Turkish FM: Turkey’s Military Rights Still Needed in Cyprus

February 21, 2017

NICOSIA – Turkey’s right to intervene militarily in Cyprus is still necessary given recent actions that have fanned insecurity among Turkish Cypriots, the country’s foreign minister said Tuesday.

Mevlut Cavusoglu cited unspecified “attacks” against Turkish Cypriots as an example of why Turkey needs to keep military intervention rights on the ethnically divided island.

Cyprus’ 1960 Constitution gives Turkey, Greece and Britain the right to “take action” to restore constitutional order.

Turkey invoked that right when it invaded in 1974 following a coup by supporters of union with Greece. The island has since then been split into breakaway Turkish-speaking north and an internationally recognized Greek-speaking south.

A Turkish Cypriot declaration of independence is recognized only by Turkey which keeps more than 35,000 troops in the north.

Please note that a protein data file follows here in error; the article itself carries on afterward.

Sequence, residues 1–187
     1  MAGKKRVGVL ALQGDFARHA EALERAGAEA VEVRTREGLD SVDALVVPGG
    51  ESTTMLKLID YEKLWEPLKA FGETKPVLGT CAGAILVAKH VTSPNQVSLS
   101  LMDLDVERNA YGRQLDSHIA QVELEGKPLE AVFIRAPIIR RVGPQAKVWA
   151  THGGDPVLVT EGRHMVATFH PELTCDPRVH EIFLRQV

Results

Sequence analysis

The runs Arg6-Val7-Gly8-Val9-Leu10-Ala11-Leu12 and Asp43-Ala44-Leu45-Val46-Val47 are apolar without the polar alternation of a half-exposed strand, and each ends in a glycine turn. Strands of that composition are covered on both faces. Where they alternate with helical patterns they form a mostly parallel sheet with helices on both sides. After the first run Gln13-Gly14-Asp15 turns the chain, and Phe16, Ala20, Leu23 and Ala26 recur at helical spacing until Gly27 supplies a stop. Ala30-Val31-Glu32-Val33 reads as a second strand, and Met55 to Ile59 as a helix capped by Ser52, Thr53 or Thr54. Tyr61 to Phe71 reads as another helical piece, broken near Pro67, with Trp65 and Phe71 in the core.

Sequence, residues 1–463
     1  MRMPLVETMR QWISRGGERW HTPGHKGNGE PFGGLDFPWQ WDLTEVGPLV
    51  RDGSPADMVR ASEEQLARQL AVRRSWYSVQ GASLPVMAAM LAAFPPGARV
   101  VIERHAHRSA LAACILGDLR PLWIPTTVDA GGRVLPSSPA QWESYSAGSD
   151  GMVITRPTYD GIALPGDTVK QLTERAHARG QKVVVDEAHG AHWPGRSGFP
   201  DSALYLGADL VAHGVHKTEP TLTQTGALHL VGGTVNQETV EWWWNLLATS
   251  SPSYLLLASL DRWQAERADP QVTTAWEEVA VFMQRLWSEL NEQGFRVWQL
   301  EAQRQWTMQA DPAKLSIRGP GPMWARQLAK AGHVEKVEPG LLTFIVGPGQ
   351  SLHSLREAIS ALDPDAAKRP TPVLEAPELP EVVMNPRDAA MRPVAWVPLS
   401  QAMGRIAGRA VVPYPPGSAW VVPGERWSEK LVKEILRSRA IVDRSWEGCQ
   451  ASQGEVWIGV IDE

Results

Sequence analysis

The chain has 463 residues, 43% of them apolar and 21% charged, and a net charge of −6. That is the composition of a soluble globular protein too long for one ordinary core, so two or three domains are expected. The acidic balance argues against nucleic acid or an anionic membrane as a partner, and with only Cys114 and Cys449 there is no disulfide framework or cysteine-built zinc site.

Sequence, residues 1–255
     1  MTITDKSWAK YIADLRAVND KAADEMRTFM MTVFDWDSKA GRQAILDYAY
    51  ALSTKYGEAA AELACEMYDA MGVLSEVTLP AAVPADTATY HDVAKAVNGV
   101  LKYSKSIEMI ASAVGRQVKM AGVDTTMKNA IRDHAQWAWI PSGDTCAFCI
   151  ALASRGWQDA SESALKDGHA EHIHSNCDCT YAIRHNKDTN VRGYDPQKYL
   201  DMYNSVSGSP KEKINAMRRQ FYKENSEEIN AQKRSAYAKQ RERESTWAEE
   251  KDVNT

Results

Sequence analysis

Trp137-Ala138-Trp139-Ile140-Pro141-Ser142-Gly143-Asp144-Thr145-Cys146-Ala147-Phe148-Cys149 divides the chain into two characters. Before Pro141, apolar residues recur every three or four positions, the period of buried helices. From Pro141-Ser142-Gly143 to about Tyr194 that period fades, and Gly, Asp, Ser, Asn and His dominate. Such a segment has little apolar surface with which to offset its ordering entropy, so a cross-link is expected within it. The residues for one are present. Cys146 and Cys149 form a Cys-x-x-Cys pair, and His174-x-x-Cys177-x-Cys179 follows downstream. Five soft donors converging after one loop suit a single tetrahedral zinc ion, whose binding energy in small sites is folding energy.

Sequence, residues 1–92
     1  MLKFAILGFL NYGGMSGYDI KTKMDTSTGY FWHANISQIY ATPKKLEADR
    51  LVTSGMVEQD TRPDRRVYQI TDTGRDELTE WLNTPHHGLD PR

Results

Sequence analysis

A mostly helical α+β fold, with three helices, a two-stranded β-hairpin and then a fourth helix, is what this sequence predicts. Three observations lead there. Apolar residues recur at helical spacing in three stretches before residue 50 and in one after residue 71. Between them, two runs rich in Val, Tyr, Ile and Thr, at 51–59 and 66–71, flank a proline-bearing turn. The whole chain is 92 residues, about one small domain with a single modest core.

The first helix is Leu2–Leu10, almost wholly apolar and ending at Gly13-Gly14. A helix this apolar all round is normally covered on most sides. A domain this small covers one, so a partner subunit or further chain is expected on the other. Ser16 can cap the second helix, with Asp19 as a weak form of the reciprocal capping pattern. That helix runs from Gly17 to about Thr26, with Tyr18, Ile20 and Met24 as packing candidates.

“Turkish Cypriots want guarantees and when we see these things, I think they’re right,” Cavusoglu said after talks with Turkish Cypriot leader Mustafa Akinci.

Fearing Turkish might, Greek Cypriots strongly oppose Turkish troops and intervention rights staying in place as part of a peace deal and propose an international police force instead.

Cavusoglu also mentioned controversial legislation that would make commemorating a 1950 vote to unite Cyprus with Greece mandatory in Greek Cypriot schools.

The legislation, which passed earlier this month, rankled with Turkish Cypriots and caused ongoing reunification talks to break off, with Akinci and Greek Cypriot President Nicos Anastasiades trading accusations about who walked out on whom.

Akinci again urged Anastasiades to get the legislation rescinded so peace talks can move forward.

“This mistake has to be fixed,” said Akinci. He said Turkish Cypriots were united in their condemnation of the legislation because they see the pre-indendence drive by the majority Greek Cypriots for union with Greece — for which they waged a four-year guerrilla campaign against British colonial rule — as the root of Cyprus’ current woes.

The two leaders are scheduled to meet on Thursday as part of peace talks, but it’s unclear if that meeting will happen.

“If he means what he says about wishing for a Cyprus settlement, then he should drop the pretexts,” Anastasiades said, referring to Akinci. He added that it’s the first time that talks have been halted because of a “minor, insignificant issue.”


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